The golden boy.
Entering the pompous hall of Bacchus at the Neues Museum in Berlin, a golden boy comes running. Attentive but certainly not obsequious, he greets the newcomers. The jaunty curls crowned with a floral wreath, his lips slightly parting for a welcoming word. But the feet of the youngling are firmly welded to the bronze pedestal plate – leaving the visitor waiting in vain. Also the boy is missing his right arm, once probably offering a plate with refreshments. The “Xantenean Boy” is the first silent servant in the world. A particularly special piece of furniture, which once adorned the opulent Triclinium of an antique villa. Well two thousand years ago, in those festive quarters, where the master of the house would host and entertain his guests, the golden boy had begun his silent service.
At the choir of the Karmeliter church of the Archaeological Museum in Frankfurt stands a young man in clerical garments. His hands are holding a heavy console for the chanter, his eyes soulfully glancing to the heavens. The console once carried the big choir book, from which the chanter would intone the holy mass. “Atzmann”, the people called the lithic servant in St. Leonhard near Frankfurt. He had started his long service somewhen in the late middle ages. Elsewhere the silent ecclesial servitors were called “Levites” – holding the Holy Scripture, recited in Latin. A responsible and a rock hard job indeed – probably why the young man’s figure was carved from heavy stone. But just as the golden boy, the Atzmann would be persevering, faithfully devoted to his duties.
No clothes rack.
The classic men’s valet had many incarnations in many names. Some forgotten over the passings of time, in obscure corners of history. Others rediscovered in a glorious renaissance – as modern interpretations in contemporary designs. Historic or modern, old or new – the honorable guild of silent servants is multifarious. But honestly: Everybody has one. Sure, there is the wardrobe, the socks drawer, and the hat stand. But there always is that one piece of furniture taking over the duties of the valet stand: The day’s attire. In teenage years spread over the entire bed, in student life draped over some renegade chair – eagerly holding that carefully selected arrangement of clothes considered “currently in use”.
But becoming of the age of a gentleman, the clothes valet stand is authorised with order and tidiness: originally intended for the noble wardrobe of his master, readily receiving his clothes in the evening. He carefully drapes the shirt over the hanger in his hand, hangs the tie on a finger next to it, rolls up the fine leather belt and neatly tucks it into his chest compartment with the Swiss-made chronograph and the silver cufflinks. The hand-crafted leather shoes he sets on the pedestal at his feet. The hat, he puts on. Boldly cocked to one side even. And so he waits, in silent disposition, until he may dress his master the following morning.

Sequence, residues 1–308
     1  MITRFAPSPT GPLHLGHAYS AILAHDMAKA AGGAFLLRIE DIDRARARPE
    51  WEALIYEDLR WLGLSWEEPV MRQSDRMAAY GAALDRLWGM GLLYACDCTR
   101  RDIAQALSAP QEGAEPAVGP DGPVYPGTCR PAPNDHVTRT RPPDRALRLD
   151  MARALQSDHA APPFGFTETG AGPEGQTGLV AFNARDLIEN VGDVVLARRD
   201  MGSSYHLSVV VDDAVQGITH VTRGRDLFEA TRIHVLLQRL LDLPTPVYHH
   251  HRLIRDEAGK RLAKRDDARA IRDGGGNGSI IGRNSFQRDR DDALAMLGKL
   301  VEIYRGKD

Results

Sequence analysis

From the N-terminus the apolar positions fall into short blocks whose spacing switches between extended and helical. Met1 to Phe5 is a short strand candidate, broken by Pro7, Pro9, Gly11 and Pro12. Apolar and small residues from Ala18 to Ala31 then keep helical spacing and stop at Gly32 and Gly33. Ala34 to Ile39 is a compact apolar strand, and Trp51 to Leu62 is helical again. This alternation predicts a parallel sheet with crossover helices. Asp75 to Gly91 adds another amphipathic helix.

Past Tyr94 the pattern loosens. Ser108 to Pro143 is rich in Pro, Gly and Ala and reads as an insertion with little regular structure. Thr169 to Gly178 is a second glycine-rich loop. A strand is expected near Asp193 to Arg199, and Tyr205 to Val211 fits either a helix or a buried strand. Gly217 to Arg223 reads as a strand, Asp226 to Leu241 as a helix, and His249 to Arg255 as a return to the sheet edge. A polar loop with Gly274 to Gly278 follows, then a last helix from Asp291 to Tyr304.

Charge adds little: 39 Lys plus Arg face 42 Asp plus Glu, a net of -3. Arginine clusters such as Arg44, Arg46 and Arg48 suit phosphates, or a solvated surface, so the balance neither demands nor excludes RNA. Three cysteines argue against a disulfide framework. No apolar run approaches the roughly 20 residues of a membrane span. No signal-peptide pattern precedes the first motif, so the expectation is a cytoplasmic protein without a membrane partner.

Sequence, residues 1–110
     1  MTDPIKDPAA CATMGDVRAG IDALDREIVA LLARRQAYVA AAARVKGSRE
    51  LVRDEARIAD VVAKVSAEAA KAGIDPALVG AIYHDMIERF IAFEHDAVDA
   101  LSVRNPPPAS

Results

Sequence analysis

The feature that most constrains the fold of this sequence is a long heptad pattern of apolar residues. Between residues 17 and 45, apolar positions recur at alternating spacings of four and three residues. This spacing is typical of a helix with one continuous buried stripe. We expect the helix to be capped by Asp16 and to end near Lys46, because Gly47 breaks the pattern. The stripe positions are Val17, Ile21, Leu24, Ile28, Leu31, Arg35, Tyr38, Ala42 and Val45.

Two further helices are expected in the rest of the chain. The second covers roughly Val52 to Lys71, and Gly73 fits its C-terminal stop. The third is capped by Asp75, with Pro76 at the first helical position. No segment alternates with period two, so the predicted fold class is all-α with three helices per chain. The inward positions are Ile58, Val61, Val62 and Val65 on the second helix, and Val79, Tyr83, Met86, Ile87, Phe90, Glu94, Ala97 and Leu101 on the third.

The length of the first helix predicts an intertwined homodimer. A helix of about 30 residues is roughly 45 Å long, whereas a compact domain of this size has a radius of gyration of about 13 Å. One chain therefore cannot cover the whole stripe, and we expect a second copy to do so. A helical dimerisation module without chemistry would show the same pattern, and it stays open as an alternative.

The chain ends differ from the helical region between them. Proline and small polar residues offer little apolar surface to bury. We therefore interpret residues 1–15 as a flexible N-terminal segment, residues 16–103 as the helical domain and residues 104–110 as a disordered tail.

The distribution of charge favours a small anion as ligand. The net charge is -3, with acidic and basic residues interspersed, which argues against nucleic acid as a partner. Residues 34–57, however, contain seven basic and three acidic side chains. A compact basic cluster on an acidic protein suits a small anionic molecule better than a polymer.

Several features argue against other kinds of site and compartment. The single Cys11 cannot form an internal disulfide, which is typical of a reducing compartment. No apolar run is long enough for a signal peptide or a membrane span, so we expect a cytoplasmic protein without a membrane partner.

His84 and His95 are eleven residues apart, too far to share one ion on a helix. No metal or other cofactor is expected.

A question of style.
Today the valet stand has ultimately returned to the hallways and private quarters. For not only is the man’s servant a confidently stylish utensil, but also a practical piece of furniture, with a long and eventful history. Modern arrangements re-envision the clothes valet as the sovereign companion, the trustworthy servant and the exclusive confidant for the sterling gentleman. BAUMONDI, for example, assembled a selected series of superb models and exclusive designs. Classic, casual and sporty: character and style deserve a name again: JAMES. And just as ancient Latin quotes: Nomen est omen – the name says it all. A sophisticated composition – genuine quality with delicate detail and a fine finish: Each JAMES has his own head. Giving the silent servant back a significant detail, that was indeed lost over the centuries.
Accents in gold and marble are reminiscent of the long tradition of taciturn servantry, a salute to the centuries. Noble woods and metals combine to the stylish composition of the silent servants of our time. Modern concepts envision the valet stand in contemporary surroundings – from lobbies to bathrooms. Ancient history with new appeal: The silent valet and your clothes. Attentive but certainly not obsequious – just like the golden boy, back in the days. Merely and simply, the JAMES of today.
In the end many a master might be quite grateful for his servant’s tenacious silence. Since it is purported that the servant staff have always had especially sensitive eyes and ears around the master’s private quarters.